We all know that it's difficult and frustrating to try to navigate the insurance system. But when you're dealing with more than one insurer at a time, the process becomes downright mind-boggling. For example, if you're injured in an automobile accident, you must deal with your auto insurer, the other driver's auto insurance company and your health insurer to determine which policy covers basic medical services. Since it's so time-consuming to keep track of everything that an insurer may want or need, many people give up and don't get the services and benefits to which they are fully entitled. To get all the insurance benefits that are due to you…
Create a master list. Before you ever have an issue, it's good to have a master list of phone numbers, policy numbers and other relevant information for all the insurance policies you own or under which you are covered. You would be amazed to learn how few people have such a list. The list may include a private health insurer, Medicare and Medigap supplemental insurance (private insurance that helps pay for what Medicare doesn't fully cover) or Medicaid...long-term care insurance...specific disease-type insurance (such as cancer or heart disease insurance policies).. and any other applicable coverage, including auto and homeowner's insurance. Keep the list current by writing down the policy number... the date the latest premium was paid Gif applicable)...the name of the insurance agent Gif there is one)...and the phone number you should call if you have a question or need to make a claim.
Secrets to success on the phone. When calling any type of insurer, one of the more frustrating problems is being put on hold or being transferred from person to person. I have found that the earlier in the day you contact an insurer, the shorter the hold time. I have also found that hitting the numeral "0" on the phone will often switch you to a live person when you're stuck in recorded messages. Always ask for the name of the person to whom you are speaking and his/her direct phone number in case you get cut off or need to call back. This may sound basic, but most of us never ask for the representative's name. If your call is being transferred, ask the name of the person to whom it is being transferred and if there is a direct line to that department. If the person refuses to give you a name or number, insist on speaking to a supervisor.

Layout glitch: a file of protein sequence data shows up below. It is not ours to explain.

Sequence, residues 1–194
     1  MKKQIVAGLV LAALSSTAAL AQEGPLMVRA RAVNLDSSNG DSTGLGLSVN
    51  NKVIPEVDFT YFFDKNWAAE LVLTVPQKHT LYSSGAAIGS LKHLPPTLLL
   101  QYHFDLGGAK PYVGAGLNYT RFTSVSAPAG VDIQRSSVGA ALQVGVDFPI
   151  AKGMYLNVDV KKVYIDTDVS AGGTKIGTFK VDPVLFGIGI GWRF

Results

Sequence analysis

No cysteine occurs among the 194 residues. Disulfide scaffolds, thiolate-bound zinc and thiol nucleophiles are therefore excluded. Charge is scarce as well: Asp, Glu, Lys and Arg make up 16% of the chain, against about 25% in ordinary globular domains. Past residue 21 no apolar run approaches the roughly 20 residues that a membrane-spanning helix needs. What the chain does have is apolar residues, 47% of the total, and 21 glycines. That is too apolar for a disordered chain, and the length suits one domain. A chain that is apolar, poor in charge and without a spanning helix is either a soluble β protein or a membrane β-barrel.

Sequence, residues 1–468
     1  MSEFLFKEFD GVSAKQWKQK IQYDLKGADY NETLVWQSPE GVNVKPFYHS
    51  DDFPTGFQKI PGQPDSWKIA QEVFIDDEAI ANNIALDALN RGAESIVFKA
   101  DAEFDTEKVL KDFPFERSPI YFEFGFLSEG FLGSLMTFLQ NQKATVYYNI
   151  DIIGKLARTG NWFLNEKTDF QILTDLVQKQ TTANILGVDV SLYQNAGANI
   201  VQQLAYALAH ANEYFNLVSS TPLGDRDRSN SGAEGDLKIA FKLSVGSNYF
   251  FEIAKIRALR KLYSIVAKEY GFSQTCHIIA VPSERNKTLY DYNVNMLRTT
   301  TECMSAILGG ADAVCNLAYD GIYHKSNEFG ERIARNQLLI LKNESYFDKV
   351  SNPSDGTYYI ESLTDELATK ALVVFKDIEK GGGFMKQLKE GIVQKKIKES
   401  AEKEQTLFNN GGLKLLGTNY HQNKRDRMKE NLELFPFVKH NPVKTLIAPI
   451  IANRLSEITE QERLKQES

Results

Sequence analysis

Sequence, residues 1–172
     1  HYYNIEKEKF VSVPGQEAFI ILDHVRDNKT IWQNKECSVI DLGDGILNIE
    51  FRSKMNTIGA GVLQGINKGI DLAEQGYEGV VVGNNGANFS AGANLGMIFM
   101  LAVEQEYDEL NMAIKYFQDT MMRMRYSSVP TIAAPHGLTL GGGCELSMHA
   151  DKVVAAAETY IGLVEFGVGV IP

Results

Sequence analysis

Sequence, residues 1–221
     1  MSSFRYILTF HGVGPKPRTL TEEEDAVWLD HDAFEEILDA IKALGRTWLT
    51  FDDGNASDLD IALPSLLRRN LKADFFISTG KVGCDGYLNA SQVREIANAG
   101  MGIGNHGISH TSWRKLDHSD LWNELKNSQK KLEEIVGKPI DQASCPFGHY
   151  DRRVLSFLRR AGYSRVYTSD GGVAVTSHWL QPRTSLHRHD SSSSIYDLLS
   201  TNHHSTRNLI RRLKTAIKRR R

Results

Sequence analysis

Also helpful: If you still don't get answers to your problem, call the headquarters of the company and ask to speak to the customer-service director. If you cannot get through, ask for the president's office and ask whoever answers to help resolve your problem.
Play "hardball." Every private insurer is regulated by state insurance departments. If you have a disagreement about what should be covered or how you are being treated, call your state's insurance department (check your phone book's government listings) for details on how to file a complaint or an appeal. This is sometimes the best way to fight for all the benefits you deserve.